A suicide bombing at an educational center in Kabul has resulted in dozens of casualties, most of which were young female students. The attack took place in the Dasht-e-Barchi district in the city’s West, which has a large population of Hazara ethnic minorities that have long been targeted by militants of the Islamic State– Khorasan Province (ISKP).
— Zaki Daryabi (@ZDaryabi) September 30, 2022
Speaking to CNN, Kabul Police Spokesman Khalid Zadran stated that “Students were preparing for an exam when a suicide bomber struck at this educational centre. Unfortunately, 19 people have been martyred and 27 others wounded.” Abdu Ghayas Momand, a doctor from Ali Jinah Hospital, later told CNN that the death toll had risen to 23, with an additional 36 wounded.
So far, there has not been any official claim of responsibility yet, but this latest attack bears the hallmarks of ISKP, who regularly targets Hazara schools, mosques, and community centers. A similar attack targeting a Hazra school happened on May 8, 2021, where a string of ISKP bombings at the Sayed al-Shuhada girls school in Dasht-e-Barchi left 90 dead and 240 wounded, most of which were children. Attacks have ramped up since the Taliban takeover of Afghanistan, with Human Rights Watch reporting earlier this month that over 700 casualties have occurred from over 13 ISKP attacks in the past year. One such attack occurred on April 21, 2022, where an ISKP bombing targeted the Seh Dokan Mosque in Mazar-e Sharif, which killed 31 people and wounded 87 others. The Human Rights and Eradication of Violence Organization told AP that since 2015, over 1,200 Hazaras have been killed and an additional 2,300 have been wounded in attacks.
Images are disrurbing but reflect the mindset of #ISKP, the group behind Suicide bombing at a school in Dasht-e-Barchi area of #Kabul killing 24 innocent kids!
Who is responsible for this situation in #Afghanistan where there was peace till four decades back.
Indeed its #Pakistan pic.twitter.com/vLEjQmAyla
— Major Amit Bansal (Retd) (@majoramitbansal) September 30, 2022
Hazaras have been largely prosecuted in Afghanistan since the the late 1800s when the Emir of Afghanistan, Abdur Rahman Khan, declared jihad against the group and later on in the 1900s by the Afghan monarchy during their “Pashtunization” of non-Pashtun populations. The Mujahidin later declared a jihad against the minority, along with the Taliban and ISKP years on, which has seen continued targeted violence today. Before and after the Taliban takeover, Hazara communities had been critical of security forces for not doing enough to protect them. In more rural areas, Hazara communities have built up well armed local militias hellbent on protecting their land. In major cities like Kabul and Mazar-e Sharif, however, they face a lack of protection from ISKP fueled by discrimination by the Taliban government, who have also regularly persecuted the ethnic minority for decades.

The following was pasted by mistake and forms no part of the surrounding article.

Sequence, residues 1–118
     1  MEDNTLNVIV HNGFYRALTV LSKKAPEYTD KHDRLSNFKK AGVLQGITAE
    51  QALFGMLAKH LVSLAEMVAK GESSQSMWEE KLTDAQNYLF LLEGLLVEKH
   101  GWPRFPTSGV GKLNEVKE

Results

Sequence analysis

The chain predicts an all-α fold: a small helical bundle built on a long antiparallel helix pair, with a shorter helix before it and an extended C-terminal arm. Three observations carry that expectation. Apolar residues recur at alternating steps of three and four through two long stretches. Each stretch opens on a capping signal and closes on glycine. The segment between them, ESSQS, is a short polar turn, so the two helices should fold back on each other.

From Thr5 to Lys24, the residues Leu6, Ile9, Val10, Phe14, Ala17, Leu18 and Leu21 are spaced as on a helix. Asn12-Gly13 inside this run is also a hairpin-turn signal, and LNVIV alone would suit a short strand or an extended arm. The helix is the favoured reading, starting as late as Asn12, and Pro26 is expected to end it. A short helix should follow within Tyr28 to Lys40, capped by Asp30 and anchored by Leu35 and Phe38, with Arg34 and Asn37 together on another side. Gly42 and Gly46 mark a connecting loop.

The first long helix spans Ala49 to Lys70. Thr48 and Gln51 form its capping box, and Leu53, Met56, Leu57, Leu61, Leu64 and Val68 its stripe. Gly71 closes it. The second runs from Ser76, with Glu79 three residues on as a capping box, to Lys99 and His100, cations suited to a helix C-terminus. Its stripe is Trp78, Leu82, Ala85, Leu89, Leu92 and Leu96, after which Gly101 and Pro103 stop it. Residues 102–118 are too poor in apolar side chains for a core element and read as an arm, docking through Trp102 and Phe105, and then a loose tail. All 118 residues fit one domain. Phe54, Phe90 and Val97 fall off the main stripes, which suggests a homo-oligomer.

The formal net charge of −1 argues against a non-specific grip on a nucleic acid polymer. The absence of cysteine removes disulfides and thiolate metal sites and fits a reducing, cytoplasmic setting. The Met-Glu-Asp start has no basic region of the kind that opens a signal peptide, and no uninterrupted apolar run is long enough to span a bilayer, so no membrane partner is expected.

The terrorist group known as ISKP was formed in 2015 from dissident leaders of Pakistan’s Taliban, known as Tehrik-i-Taliban (TTP). TTP militant Hafiz Saeed Khan was the group’s first Emir, with former Afghan T-ban leader Abdul Rauf Aliza being chosen as second in command. The move by the greater ISIS terror group to create ISKP came amid tensions between fractured TTP factions over the political and religious direction of the group. An intense propaganda campaign by IS and several meetings with TTP leaders ultimately lead to the formation of the group and its allegiance to Abu Bakr al-Baghdadi.
From there, ISKP actively sought to recruit former members of the T-ban who believed the group was not hardline enough in its Islamic beliefs, ultimately establishing a presence in Nangarhar province, Afghanistan. Attempts to recruit T-ban members and take over T-ban controlled areas of Afghanistan quickly led to ISKP and the Afghan Taliban declaring war against each other, where they have been fighting since. While having relatively smaller numbers (estimates of 2,500 members) and a largely decentralized leadership now that the self proclaimed Caliphate has fallen in Iraq and Syria, ISKP cells have largely been responsible for most bombing attacks against Kabul for several years, such as dozens of magnetic IED attacks against police, government, and human rights figures. Since the takeover, the Taliban has struggled to counter increased ISKP attacks against civiians and its own ranks, with suicide bombings, gunman attacks, and ambushes becoming more prevelent across the country.